Frangipani

When I hear “frangipani,” I smell a waft of orange and almond blossoms and I’m transported to the island of Majorca, where I stayed for a few weeks when I was 22. I’d heard about two villages, Fornalutx in the mountains and Deìa on the coast, as idyllic places for artists. A room with a view and breakfast cost $15 a night. On the overnight ferry from Barcelona to Palma, watching the sun rise as we approached the island, I was both lonely and entirely happy to be alone. On the old, wooden train to the town of Sóller, I saw my first citrus trees—by June laden with fruit, yellow and orange globes shining out from glossy dark green leaves, easy to pick. 

I would like before I die to walk once again that stony path from the Deia village hilltop to the tiny blue harbor below, hardly bigger than a pool. So safe it felt to swim there, the walk made fragrant by olive and almond trees, musical from the tiny bells on goats, occasionally the chime of churches or the buzzing of honey bees. No one I knew knew where I was. No keys, no work, no plans. What did I do with my time?  One day I trudged along the one road through town in the hot sun and hitchhiked to Valldemossa, where in 1839, George Sand and Frédéric Chopin wintered in the charterhouse, an attempt to treat his tuberculosis. A tourist notes on TripAdvisor that the monastery was  a “real disappointment.” I don’t remember being disappointed, perhaps because I had no expectations. “Expect Nothing” is the title of a poem by Alice Walker that ends, “live frugally on surprise.” Everything about that time was a surprise, perhaps because everything was new for me.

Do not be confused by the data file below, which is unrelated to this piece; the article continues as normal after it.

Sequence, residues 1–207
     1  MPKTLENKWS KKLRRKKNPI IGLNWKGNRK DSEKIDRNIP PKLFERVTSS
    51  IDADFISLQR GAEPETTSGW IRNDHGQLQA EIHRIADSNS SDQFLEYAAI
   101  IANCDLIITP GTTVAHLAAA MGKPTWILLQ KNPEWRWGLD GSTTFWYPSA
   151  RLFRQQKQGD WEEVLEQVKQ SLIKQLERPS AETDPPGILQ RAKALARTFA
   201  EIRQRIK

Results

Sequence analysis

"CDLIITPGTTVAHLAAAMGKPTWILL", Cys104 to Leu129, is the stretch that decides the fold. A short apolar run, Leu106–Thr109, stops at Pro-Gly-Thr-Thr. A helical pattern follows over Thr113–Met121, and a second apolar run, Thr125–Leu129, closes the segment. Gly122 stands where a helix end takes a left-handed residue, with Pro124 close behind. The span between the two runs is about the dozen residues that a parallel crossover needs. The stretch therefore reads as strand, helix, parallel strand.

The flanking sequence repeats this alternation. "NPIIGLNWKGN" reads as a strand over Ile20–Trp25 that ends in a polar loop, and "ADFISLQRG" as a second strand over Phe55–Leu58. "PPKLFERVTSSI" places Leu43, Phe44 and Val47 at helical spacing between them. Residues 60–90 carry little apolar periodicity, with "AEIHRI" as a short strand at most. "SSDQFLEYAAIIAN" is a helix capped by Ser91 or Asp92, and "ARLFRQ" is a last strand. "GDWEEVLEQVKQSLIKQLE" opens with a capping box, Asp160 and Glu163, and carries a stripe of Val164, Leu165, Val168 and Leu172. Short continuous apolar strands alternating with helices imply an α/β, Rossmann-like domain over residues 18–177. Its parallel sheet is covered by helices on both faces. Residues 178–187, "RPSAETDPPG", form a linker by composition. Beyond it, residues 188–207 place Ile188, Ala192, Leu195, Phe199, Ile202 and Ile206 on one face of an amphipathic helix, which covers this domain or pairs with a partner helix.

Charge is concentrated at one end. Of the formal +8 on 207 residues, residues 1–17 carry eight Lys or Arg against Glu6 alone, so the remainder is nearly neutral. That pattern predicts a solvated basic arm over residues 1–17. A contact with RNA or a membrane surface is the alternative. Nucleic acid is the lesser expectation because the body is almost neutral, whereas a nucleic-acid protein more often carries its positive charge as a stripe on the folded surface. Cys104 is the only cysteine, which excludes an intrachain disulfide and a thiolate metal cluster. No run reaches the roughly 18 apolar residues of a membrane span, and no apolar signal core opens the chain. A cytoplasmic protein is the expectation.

I gorged on ensaimadas, yeast-raised coils of dough fried in lard and dusted with powdered sugar, lighter than doughnuts and barely sweet.  They were served as breakfast in my pension but I went to the bakery to buy more. I treated myself to fish cooked at the little shack overlooking the swimming harbor. I ran out of books in English. 

The Deìa expats could be well off or poor, they spoke fluent Spanish, and they hung out together at the cafes. In one of Deìa’s two cafés, I met the poet Robert Graves, Alzheimer’s-addled but still regal in his black hat, on the arm of his twenty years younger wife Beryl. Norman was a painter who talked fast with an accent and smiled with toothless charm. “Hey, honey, woodya like to see my etchins?” In his room a few steps away from the café, I acquired a watercolor of a bullfight: his black pen hadn’t left the paper. Man and bull awash in yellow. The color of plumeria blossoms. Back in the café, Norman savored a steak in exchange for that art while he told me his story of leaving New York and an advertising job in the sixties for the paradise of Deìa.

Ripe pears smell like frangipane sounds. Frangipane literally means “breaking bread” in Italian, but is also the name of a noble family from the Middle Ages. They might have acquired their name from Eucharist liturgy or from their practice of distributing bread to the poor.  But “Frangipane” is also an almond filling around fruit, usually in a crust.  One member of that noble Roman family supplied perfumes to Louis XIII.